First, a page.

Exploitation is not a common word, which is why we are using it! Too many standard terms used to describe harm to children have lost their weight, and the sobering reality of what they mean. Therefore, as an organization, we focus on the phrase “child exploitation” because it encompasses the many realities causing severe harm to children. So, we are going to discuss the definition of child exploitation. According to the Britannica dictionary the definition of exploit is “to get value or use from (something); to use (someone or something) in a way that helps you unfairly”.

We Define Child Exploitation As

Using a Child for Another Person’s Gain or Benefit

This definition is crucial because it creates a baseline definition for us to observe actions that could give us a glimpse into more complex realities. Exploitation objectifies human beings, and that objectification allows perpetrators of all types to justify their abusive and harmful behavior. Any level of child exploitation is a warning sign to pay attention to. These justified choices to exploit a child (even in minor situations) produce fertile ground for other more severe forms of harm. The first step of prevention and early detection is to understand that exploitation of any kind is serious.

Most Common Types of Exploitation

For clarity, we will talk about the most common types of exploitation. It is easy to assume that certain forms of exploitation are more severe than others. However, studies have proven that all types of exploitation respond similarly to children’s brain, emotional, and psychological development.

Commonalities of Child Exploitation

We see exploitation take many different forms. We have seen parents use their children as pawns in custody battles, and the horrors of human trafficking. Though these levels of exploitation are incredibly vast, there are many commonalities to them. The reality is this, the children in both situations are exploited. An adult’s willingness to harm a child for their gain is also the same. Minor exploitation can easily evolve into more severe forms of abuse because of the perpetrator’s mindset. A mindset that is willing to harm a child for their personal gain, a willingness to objectify a child.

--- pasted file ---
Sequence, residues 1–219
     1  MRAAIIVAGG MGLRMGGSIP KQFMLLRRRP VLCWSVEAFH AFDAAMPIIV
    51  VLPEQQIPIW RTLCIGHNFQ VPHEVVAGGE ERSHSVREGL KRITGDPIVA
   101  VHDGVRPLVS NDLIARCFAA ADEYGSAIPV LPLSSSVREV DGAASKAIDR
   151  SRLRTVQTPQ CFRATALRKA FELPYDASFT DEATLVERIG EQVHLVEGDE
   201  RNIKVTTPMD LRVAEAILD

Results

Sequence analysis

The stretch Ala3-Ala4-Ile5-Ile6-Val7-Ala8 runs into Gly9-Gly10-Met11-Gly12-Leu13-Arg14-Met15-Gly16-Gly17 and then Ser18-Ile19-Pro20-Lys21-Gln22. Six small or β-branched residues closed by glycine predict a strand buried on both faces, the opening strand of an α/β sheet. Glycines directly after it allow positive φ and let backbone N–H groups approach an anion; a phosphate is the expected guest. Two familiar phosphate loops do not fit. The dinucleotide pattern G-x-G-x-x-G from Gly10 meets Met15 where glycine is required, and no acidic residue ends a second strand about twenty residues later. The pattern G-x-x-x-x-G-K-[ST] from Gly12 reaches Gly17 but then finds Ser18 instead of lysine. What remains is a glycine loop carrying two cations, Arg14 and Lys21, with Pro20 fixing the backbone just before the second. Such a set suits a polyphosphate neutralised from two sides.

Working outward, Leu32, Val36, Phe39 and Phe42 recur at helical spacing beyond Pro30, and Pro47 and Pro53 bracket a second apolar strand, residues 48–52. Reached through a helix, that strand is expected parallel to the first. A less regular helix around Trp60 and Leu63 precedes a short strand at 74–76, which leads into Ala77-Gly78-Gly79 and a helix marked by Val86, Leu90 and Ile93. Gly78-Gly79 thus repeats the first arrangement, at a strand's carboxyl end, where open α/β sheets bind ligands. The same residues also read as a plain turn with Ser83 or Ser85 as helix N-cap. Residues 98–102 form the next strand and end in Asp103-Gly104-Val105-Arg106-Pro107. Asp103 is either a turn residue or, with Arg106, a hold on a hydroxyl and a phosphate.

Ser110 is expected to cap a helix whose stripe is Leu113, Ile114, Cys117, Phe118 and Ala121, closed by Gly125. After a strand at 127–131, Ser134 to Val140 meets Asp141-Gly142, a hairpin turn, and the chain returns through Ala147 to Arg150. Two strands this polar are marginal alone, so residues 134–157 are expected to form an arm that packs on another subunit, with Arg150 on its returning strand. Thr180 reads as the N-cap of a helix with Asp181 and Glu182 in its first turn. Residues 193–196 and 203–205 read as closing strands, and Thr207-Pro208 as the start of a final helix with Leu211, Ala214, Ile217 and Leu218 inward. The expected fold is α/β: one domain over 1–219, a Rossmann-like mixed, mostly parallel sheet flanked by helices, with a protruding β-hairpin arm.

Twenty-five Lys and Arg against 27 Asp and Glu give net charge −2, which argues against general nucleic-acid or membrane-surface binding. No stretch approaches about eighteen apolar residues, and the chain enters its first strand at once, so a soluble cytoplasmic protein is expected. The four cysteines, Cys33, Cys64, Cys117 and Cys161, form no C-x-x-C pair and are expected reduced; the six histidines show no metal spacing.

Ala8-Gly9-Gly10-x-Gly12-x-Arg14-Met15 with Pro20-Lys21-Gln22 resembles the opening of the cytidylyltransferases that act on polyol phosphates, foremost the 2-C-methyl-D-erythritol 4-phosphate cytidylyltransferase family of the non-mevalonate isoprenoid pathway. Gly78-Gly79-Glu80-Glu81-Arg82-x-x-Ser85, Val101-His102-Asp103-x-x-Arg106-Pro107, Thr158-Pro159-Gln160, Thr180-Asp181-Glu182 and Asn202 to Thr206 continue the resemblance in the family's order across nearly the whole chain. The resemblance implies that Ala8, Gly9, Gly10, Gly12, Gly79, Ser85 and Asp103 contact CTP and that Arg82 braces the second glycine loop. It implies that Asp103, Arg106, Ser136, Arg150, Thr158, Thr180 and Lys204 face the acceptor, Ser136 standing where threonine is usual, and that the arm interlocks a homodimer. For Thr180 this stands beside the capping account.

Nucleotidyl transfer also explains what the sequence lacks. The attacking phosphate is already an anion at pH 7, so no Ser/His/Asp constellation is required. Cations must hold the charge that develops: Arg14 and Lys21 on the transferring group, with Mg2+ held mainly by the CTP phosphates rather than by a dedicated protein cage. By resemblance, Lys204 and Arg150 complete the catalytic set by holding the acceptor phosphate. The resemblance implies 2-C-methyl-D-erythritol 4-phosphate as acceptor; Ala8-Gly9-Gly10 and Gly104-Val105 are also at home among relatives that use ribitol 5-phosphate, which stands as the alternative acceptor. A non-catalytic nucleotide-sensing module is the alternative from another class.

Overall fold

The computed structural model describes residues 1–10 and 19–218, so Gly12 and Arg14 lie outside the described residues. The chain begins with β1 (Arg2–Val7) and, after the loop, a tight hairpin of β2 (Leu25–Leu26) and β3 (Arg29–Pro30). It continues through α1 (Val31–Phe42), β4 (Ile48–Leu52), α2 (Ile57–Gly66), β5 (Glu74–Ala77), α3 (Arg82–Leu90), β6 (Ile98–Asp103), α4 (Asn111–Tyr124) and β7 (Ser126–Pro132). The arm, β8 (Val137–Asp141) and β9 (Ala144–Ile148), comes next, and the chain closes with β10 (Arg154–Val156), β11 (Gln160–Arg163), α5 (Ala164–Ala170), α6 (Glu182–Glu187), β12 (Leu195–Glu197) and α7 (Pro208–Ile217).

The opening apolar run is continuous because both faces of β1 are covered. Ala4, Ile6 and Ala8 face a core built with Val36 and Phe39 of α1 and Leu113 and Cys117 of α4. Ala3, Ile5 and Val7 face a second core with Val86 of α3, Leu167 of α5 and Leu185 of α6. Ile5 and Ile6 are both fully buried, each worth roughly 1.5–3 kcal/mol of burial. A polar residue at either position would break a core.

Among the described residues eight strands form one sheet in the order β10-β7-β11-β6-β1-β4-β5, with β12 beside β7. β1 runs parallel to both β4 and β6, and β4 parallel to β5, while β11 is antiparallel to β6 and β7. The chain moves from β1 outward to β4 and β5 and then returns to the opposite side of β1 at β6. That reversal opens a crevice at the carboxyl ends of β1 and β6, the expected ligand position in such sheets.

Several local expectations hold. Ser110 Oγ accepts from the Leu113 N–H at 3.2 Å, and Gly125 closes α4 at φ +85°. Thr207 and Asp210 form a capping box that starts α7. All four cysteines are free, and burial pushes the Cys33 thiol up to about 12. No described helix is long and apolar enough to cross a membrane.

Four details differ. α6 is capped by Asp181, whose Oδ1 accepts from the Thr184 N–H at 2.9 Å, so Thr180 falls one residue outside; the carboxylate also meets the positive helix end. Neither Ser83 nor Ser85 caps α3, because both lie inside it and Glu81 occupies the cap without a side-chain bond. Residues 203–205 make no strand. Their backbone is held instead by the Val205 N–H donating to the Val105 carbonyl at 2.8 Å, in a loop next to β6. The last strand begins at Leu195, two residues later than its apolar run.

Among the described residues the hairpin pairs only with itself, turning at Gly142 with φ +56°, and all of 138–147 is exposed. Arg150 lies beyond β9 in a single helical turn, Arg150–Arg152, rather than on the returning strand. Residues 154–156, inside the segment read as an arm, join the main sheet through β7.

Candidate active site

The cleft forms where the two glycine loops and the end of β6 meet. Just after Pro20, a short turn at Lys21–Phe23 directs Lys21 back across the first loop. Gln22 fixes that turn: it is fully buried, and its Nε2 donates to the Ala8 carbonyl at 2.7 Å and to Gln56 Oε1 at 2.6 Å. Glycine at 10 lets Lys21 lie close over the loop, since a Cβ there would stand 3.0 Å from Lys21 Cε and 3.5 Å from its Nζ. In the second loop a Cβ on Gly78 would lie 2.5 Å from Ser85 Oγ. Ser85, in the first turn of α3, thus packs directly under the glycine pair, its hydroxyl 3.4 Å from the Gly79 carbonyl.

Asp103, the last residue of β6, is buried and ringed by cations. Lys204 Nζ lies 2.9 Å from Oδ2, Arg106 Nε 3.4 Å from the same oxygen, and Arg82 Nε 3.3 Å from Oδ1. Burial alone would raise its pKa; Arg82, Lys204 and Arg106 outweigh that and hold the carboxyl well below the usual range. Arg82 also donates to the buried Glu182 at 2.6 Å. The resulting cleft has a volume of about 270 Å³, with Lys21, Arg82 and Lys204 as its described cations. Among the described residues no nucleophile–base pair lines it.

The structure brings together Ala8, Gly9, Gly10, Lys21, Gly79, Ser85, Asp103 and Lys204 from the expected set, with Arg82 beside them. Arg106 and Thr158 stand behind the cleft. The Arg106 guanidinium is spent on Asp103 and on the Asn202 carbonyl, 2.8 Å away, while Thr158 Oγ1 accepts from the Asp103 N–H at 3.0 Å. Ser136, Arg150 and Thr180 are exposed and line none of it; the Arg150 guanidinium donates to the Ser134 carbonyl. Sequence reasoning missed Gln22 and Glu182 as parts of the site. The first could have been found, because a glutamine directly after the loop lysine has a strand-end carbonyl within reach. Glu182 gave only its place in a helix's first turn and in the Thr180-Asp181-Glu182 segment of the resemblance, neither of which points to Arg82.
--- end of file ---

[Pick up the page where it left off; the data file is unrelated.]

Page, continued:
The more you sit back and look at all the dark realities of child exploitation, the more you can see the connections. Though there are many different types of exploitation, there is a consistent commonality between them—the behavior patterns of perpetrators. This is an important distinction because most training and prevention programs focus on techniques, often at a micro level. However, techniques and methods change frequently. What has remained consistent over time has been “patterns of behavior.” This is why 10.18 has constructed our training programs to focus on detecting patterns of behavior both in victims and perpetrators.

Join the Movement to PREVENT child Exploitation!

There is always a starting point for every great movement—a place where you become aware of a need and decide to be the solution.  Join the mass movement of adults around the nation who are gaining the knowledge & skills needed to protect children!

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